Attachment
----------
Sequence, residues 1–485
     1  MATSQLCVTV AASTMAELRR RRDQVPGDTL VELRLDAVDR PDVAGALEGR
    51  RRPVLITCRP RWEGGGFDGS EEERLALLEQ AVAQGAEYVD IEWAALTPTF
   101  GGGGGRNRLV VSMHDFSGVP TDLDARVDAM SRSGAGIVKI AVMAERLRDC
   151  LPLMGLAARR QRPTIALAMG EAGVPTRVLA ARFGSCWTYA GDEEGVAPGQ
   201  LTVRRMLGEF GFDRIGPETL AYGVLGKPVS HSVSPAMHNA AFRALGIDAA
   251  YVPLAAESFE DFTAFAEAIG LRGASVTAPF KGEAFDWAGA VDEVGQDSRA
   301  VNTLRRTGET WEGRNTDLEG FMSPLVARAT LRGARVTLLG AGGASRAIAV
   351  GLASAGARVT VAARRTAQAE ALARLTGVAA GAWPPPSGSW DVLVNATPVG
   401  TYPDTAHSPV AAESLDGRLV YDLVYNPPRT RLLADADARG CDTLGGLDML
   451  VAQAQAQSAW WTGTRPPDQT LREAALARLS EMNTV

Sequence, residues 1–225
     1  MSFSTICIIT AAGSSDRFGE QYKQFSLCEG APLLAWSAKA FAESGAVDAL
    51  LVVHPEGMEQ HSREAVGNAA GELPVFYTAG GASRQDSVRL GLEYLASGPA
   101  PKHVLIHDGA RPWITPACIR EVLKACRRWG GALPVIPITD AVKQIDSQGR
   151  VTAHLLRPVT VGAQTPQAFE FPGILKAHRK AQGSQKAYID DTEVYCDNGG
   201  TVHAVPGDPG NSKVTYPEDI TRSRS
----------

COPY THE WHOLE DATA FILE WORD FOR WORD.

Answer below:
Sequence, residues 1–485
     1  MATSQLCVTV AASTMAELRR RRDQVPGDTL VELRLDAVDR PDVAGALEGR
    51  RRPVLITCRP RWEGGGFDGS EEERLALLEQ AVAQGAEYVD IEWAALTPTF
   101  GGGGGRNRLV VSMHDFSGVP TDLDARVDAM SRSGAGIVKI AVMAERLRDC
   151  LPLMGLAARR QRPTIALAMG EAGVPTRVLA ARFGSCWTYA GDEEGVAPGQ
   201  LTVRRMLGEF GFDRIGPETL AYGVLGKPVS HSVSPAMHNA AFRALGIDAA
   251  YVPLAAESFE DFTAFAEAIG LRGASVTAPF KGEAFDWAGA VDEVGQDSRA
   301  VNTLRRTGET WEGRNTDLEG FMSPLVARAT LRGARVTLLG AGGASRAIAV
   351  GLASAGARVT VAARRTAQAE ALARLTGVAA GAWPPPSGSW DVLVNATPVG
   401  TYPDTAHSPV AAESLDGRLV YDLVYNPPRT RLLADADARG CDTLGGLDML
   451  VAQAQAQSAW WTGTRPPDQT LREAALARLS EMNTV

Sequence, residues 1–225
     1  MSFSTICIIT AAGSSDRFGE QYKQFSLCEG APLLAWSAKA FAESGAVDAL
    51  LVVHPEGMEQ HSREAVGNAA GELPVFYTAG GASRQDSVRL GLEYLASGPA
   101  PKHVLIHDGA RPWITPACIR EVLKACRRWG GALPVIPITD AVKQIDSQGR
   151  VTAHLLRPVT VGAQTPQAFE FPGILKAHRK AQGSQKAYID DTEVYCDNGG
   201  TVHAVPGDPG NSKVTYPEDI TRSRS